Australia’s marine environment is globally, regionally and nationally important, providing ecosystem services such as nutrient cycling and climate regulation, and economic wealth through industries such as fisheries, aquaculture, and oil and gas exploration and production. The value of the economy sourced from the marine environment is projected to continue to grow 3 times faster than Australia’s gross domestic product in the next decade (NMSC 2015). It is therefore important that our ocean ecosystems are managed in such a way that they continue to bring economic, cultural and social benefits that can be sustained into the future.
The outlook for the marine environment, based on the assessment presented here, is mixed. Although many of the physical, biogeochemical, biological and ecological characteristics that are monitored appear stable, others—especially those closer to shore (e.g. coral reefs, fringing reefs, algal beds)—are deteriorating in response to changing and more variable human uses and climate. The trend of many marine environmental resources and many listed species is unclear, largely because most are not monitored in a standardised or ongoing manner. Although the overall status of many habitats, communities and species groups may be good, habitats or communities in specific locations, or individual species remain in poor condition, with prospects for improvement unclear. Improved understanding that leads to the identification of effective management options and adaptation strategies is needed to minimise risks to our existing assets and uses. The potential also exists to maximise new opportunities, especially across climate-sensitive industries such as fisheries and energy, and this will be a key requirement for future sustainability.
Management of many marine sectors, including commercial fishing, oil and gas, and marine vessel activity, is reported as effective. Improvements in the past 5–10 years have resulted in sustainable practices and, in some cases, the recovery of species and habitats. However, others, including recreational fishing and marine mining, lack nationally coordinated management. What management is in place may become less effective as pressures increase. At the same time, external pressures that are not directly managed lack clear governance frameworks across jurisdictions, or are the result of many interacting human uses; these pressures include climate change, marine debris and the chronic impacts of noise. The lack of coordinated governance and management across sectors reduces Australia’s capacity to respond to these external pressures and cumulative impacts that seem certain to increase in coming decades.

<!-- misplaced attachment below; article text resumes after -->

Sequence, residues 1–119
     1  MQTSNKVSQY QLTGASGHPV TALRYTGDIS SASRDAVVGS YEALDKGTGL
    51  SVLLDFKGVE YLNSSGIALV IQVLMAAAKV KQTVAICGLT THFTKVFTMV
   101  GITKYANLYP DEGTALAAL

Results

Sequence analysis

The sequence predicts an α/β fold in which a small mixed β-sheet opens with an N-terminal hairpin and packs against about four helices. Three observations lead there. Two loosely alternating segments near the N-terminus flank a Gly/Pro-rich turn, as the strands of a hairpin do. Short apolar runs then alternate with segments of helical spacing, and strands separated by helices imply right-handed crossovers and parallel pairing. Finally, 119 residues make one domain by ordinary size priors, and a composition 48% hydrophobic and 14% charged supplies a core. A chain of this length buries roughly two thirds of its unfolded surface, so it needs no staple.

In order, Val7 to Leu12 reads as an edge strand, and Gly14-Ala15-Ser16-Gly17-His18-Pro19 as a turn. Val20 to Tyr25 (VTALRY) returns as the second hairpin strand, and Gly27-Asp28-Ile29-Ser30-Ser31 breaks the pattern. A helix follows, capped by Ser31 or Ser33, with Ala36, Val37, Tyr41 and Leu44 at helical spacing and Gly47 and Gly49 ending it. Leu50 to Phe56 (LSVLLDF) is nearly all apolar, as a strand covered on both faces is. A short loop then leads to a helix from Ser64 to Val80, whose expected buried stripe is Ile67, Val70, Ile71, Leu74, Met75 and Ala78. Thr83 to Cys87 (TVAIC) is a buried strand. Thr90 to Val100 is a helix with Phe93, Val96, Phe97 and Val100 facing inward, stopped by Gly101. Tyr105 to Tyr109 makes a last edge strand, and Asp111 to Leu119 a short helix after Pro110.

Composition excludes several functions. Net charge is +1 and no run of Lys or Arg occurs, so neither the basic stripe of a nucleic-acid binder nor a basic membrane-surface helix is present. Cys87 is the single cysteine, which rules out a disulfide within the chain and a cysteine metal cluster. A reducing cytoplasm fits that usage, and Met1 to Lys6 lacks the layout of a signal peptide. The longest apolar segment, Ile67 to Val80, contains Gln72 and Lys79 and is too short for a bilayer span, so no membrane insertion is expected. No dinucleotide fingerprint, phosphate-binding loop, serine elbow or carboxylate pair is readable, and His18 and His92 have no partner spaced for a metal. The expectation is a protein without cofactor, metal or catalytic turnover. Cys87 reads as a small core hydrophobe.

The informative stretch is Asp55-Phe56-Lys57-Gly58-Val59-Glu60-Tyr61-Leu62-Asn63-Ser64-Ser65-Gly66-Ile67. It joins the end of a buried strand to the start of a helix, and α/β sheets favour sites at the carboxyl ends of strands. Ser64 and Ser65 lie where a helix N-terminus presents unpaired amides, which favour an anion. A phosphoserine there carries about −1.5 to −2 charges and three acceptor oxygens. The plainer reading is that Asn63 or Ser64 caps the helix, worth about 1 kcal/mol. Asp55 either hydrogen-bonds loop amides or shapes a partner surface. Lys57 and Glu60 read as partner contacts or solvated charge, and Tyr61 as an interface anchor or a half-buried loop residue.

The EPBC Act remains an effective legislative instrument under which the environmental impacts of existing and emerging activities fall. This includes the Commonwealth marine reserves of the NRSMPA that were proclaimed in 2012. The Australian Government focus on outcome-based management, and the reduction of duplication by devolving management responsibility for environmental issues to individual sectors or jurisdictions provide the opportunity to focus on overall management performance and ecosystem condition at the national (or bioregional) level. The recent strategic assessment of the Great Barrier Reef World Heritage Area, which followed the decision by the World Heritage Committee to consider listing this heritage area as ‘in danger’ and resulted in the production of the Reef 2050 Long-term Sustainability Plan (Australian Government & Queensland Government 2015), is one example of how to promote coordinated management and science.
To identify ongoing changes in the marine environment, and facilitate provision of information to inform management and policy, there is an equivalent need for academic and consultant scientists (and the growing community-monitoring or citizen-science sector) to coordinate their activities. This would ensure that their data are collected, managed and reported in a way that enables use and re-use of the data (see Box MAR10). The Australian marine science and management community has identified key challenges for the marine environment as we look to the future, and the science needed to address these challenges (see Box MAR11). Addressing these challenges will require a coordinated, collaborative and dedicated effort involving researchers, government, industry and the Australian community. Self-organising initiatives such as the Research Providers Network, the National Marine Science Committee and the Australian Fisheries Management Forum are helping to provide national coordination of research and development opportunities.